Chicago Bears: Buster Skrine advanced stats review

Chicago Bears (Photo by Will Newton/Getty Images)
Chicago Bears (Photo by Will Newton/Getty Images) /

What did the advanced stats say about Buster Skrine and his first season with the Chicago Bears?

One of the biggest differences between the 2018 Chicago Bears and the 2019 version was Bryce Callahan. No matter how you debate it, the Chicago Bears made the right call letting Callahan walk. His injury never got better and he missed all of 2019.

Still, in signing Buster Skrine to replace him, it is worth wondering what type of drop off the Bears saw at the position, if any, when moving from Callahan to Skrine. This article will look into the comparison between the two, as well as look at how Skrine did in comparison to his prior year stats.

Raw Stats

One of the biggest differences comes right off of the bat with Callahan seeing just 17.3% of the team’s targets. Skrine was targeted 29.9% of the time in 2018, and that went down to 22.8% in 2019, according to player profiler. Still, that does show that teams were more aggressive picking on Skrine than Callahan. Teams also attacked Skrine deeper down the field. His Average Depth of Target (ADOT) fell from 6.9 in New York to 6.6 in Chicago. However, that is deeper down the field than Callahan who was targeted 5.7 yards downfield on average.

That showed in the numbers as well. Callahan allowed 39 receptions for 319 yards and one touchdown allowed to two picks. Skrine allowed 54 catches for 532 yards last year. He allowed four touchdowns and zero interceptions.

Once again, those numbers were worse than Callahan, but better than his numbers in 2018. He allowed 54 receptions for 630 yards and five touchdowns to no picks. Callahan had five pass breakups in 2019, while Skrine had four in 2018 and three in 2019. Lastly, Callahan did not have a single penalty in 2018. Skrine only had one, which is great compared to six the year prior.

Advanced Stats

Altogether, Callahan had an 85.5 passer rating allowed. Skrine passer rating allowed dropped from 116.8 to 96.9, but that is still a decline from Callahan.

Below you can see their yards per route run allowed, yards per target allowed, yards per snap, targets per snap and snaps per reception. In snaps per target and snaps per reception, a higher number is better, meaning you play more snaps without targets and receptions allowed.

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You can see almost across the board that while Skrine was a better version of himself playing in the Bears defense, he was not quite up to the level that Callahan played in 2018.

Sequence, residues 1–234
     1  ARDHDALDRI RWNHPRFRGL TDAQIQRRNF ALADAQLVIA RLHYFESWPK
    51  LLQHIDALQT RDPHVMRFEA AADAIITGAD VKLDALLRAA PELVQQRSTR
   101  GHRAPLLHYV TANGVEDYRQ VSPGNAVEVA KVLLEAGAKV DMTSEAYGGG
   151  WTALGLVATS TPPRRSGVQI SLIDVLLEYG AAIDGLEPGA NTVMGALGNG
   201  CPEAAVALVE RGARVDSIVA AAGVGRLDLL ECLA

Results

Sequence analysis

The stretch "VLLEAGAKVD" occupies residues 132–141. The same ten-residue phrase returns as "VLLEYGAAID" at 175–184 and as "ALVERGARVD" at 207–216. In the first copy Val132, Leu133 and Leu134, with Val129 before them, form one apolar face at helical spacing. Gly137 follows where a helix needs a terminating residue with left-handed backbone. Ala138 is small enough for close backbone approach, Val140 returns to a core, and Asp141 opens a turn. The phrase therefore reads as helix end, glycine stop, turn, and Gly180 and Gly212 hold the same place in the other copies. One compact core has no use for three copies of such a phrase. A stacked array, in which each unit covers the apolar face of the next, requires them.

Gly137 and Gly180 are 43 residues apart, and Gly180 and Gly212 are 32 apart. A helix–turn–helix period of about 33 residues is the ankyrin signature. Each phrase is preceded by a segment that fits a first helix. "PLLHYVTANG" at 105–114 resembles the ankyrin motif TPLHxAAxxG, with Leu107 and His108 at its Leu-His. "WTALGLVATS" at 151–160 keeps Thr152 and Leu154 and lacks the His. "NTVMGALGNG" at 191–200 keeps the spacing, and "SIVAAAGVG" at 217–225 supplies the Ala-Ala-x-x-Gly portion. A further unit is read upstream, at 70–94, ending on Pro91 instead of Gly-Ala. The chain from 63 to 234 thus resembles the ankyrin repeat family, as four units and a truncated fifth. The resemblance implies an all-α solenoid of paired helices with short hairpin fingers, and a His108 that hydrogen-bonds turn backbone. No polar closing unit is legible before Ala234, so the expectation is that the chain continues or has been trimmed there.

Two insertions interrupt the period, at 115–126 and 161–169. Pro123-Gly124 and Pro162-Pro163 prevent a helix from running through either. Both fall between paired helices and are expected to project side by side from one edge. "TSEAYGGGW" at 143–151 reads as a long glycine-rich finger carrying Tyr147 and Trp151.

One area where Skrine had Callahan beat is yards per target. Skrine improved dramatically here. A lot can be shown in yards after the catch per reception allowed.

In 2018, Skrine allowed 5.92 yards after the catch per catch. In 2019, that number dropped to 3.85, as he shut down more passes as they were caught. This is a huge upgrade and even a better rate than Callahan had. He allowed 4.9 yards after the catch per reception. Skrine also had a better run stop rate. Callahan had a 1.1 rate in 2018, Skrine had a 1.5 rate. We finally see two areas where Skrine did perform better.

Burn Rate and Separation

One of the most interesting aspects of Callahan and his elite 2018 was his 1.21 yards of separation allowed. Skrine had 0.8 in 2018 and 0.99 in 2019. Skrine allowing that space shows that he was daring quarterbacks to try him. His interception and pass defended totals showed that he was confident in making up that ground. This is supposed to be a stat in favor of Skrine, but the tape and context of other stats show that Callahan knew what he was doing.

Lastly, while allowing a yard of separation, he never was burnt in 2018. That means allowing more than five yards of space between his receiver. Skrine had a 1% rate in 2018 and a 1.1% rate in 2019. Still, Callahan not getting burnt once shows how great he was.


It had to be noted beforehand and will be brought up once again that re-signing Callahan was not an option and would have been a bad move. Still, when you look back at his 2018 and how it compares to Skrine, you have to be impressed. He was so good that season.

That is why it was fair to bring the 2018 numbers of Skrine into context as well. If the Bears got that type of player, the signing would have looked bad. However, to see Skrine show improvement across the board does show that the Bears knew their defense could bring out more for him.

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Knowing that they could not bring back Callahan, getting a drop off in play, but an impressive season out of Skrine has to be commended as a strong move. The hope is that in year two, Skrine can continue to progress.